At a corner of the large courtyard of the cathedral, offices and halls have been built to accommodate guests, the Esfahan archbishop and his retinue, as well as other important Armenian religious hierarchy in Iran. The church compound also includes a museum that is located in a separate building. The museum displays preserved historical records and relics, and the edicts of Iranian kings dating back to the time of Shah Abbas the First. It also contains an interesting collection of art work.
Esfahan has other historical churches, the most important of which is the Church of Beit-ol Lahm (Bethlehem) at Nazar Avenue. There are also the Saint Mary church at Jolfa Square and the Yerevan church in the Yerevan area.
The Armenian Church in Shiraz
In the eastern section of Ghaani Avenue, in a district called “Sare Jouye Aramaneh”, an interesting building has survived from the era of Shah Abbas the Second. Its principal structure stands in the midst of a gardenlike compound and consists of a prayer hall with a lofty flat ceiling and several cells flanking the two side of the building. The ceiling is decorated with original paintings from the Safavid era and the adjoining cells are adorned with niches and arches and plaster molding, also in the Safavid style. This is considered a historical monument at Shiraz and definitely worth a visit.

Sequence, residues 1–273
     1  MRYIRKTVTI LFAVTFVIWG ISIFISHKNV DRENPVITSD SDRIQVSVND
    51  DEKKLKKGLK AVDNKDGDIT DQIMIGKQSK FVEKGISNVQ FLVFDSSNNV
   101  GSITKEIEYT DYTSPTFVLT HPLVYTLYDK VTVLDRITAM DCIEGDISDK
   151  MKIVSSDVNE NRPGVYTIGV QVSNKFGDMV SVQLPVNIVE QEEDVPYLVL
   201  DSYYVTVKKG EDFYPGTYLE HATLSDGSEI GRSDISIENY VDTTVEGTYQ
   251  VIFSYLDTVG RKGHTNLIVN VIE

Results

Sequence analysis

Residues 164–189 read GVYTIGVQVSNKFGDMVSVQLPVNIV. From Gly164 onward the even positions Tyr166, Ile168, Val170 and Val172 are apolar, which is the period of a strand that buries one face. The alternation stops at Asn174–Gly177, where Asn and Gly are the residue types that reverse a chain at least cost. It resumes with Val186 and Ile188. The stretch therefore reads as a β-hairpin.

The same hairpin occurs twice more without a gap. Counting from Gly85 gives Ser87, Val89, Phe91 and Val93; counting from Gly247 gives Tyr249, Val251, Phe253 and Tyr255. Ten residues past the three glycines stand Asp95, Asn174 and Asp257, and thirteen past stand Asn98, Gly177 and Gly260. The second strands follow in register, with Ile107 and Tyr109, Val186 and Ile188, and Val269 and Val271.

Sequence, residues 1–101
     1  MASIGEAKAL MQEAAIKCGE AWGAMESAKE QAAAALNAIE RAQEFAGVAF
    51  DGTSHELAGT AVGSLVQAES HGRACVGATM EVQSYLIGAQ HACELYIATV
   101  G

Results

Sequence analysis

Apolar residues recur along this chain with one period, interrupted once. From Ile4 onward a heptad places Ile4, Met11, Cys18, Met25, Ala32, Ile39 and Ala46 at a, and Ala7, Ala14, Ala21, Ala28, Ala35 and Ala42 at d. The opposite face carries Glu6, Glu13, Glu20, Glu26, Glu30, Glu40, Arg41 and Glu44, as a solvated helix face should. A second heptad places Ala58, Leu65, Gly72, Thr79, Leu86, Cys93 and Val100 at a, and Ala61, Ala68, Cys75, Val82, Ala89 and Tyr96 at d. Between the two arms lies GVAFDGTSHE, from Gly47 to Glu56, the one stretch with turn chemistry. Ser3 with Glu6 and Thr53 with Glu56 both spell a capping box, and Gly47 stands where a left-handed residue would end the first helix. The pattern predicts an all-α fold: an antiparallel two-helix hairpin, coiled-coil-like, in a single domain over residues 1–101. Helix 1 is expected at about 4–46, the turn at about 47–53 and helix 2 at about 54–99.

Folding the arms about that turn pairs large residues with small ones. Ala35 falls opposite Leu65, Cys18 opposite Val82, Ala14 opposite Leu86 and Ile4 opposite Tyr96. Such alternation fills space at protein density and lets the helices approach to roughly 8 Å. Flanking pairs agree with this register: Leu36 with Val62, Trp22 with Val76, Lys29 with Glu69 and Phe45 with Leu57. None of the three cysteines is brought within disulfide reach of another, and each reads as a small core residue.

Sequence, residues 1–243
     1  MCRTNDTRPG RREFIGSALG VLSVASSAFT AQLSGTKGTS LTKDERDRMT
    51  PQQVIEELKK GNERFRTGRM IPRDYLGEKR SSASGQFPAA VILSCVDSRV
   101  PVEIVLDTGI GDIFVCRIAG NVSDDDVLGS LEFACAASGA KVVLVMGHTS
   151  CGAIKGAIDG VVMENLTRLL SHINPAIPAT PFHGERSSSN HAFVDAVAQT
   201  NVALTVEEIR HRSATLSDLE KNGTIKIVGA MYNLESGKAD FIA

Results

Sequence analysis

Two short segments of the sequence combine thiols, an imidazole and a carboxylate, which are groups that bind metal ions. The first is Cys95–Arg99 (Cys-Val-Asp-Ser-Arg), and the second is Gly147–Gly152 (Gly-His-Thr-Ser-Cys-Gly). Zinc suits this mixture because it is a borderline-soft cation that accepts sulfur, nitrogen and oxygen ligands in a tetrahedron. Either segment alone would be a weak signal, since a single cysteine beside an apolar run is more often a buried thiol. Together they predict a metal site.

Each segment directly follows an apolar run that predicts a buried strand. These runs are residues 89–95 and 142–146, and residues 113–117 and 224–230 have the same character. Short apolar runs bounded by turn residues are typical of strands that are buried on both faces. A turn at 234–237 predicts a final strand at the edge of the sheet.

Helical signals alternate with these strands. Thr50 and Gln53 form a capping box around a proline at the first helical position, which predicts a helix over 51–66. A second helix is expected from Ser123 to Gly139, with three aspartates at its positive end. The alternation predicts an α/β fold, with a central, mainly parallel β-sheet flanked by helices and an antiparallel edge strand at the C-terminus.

Saint Simon’s Church in Shiraz
This is another relatively important, but not so old church in Shiraz. The large hall is completely done in Iranian style while the roof is Roman. Small barrel-shaped vaults, many Iranian art work and stained-glass window panes adorn the church. Meanwhile, another church called the Glory of Christ, stands at Ghalat, 34 kilometers from Shiraz. This building has survived from the Qajar period and is surrounded by charming gardens.
Saint Tatavous Church, Tehran
This edifice is located at the Chaleh Meidan district, one of the oldest districts in Tehran. It stands south of the Seyed Esmail Mausoleum, at the beginning of the northern part of the so-called Armenians’ Street. The oldest church of Tehran, it was built during the reign of the Qajar king, Fathalishah. The building has a dome-shaped roof and four alcoves, an altar and a special chair reserved for the Armenian religions leader or prelate. The vestibule leading to the church contains the graves of prominent non-Iranian Christians who have died in Iran, and in the middle of the churchyard, Gribaydof, the Czarist ambassador at the court of Fathalishah, and his companions were laid to rest. They were killed by the revolutionary forces of Tehran at that time.
Meanwhile in Bushehr, there is a church from the Qajar period that is a good specimen of Iranian architecture. All the windows are modeled after old Iranian buildings and the colored panes are purely Iranian art work.
There are also many other churches in Iran such as Ourumieh, in hamlets surrounding Arasbaran, Ardabil, Maragheh, Naqadeh, Qazvin, Hameadan, Khuzestan, Chaharmahal, Arak, in the old Vanak village north of Tehran, etc. These churches, though, are all deserted and are of little artistic significance.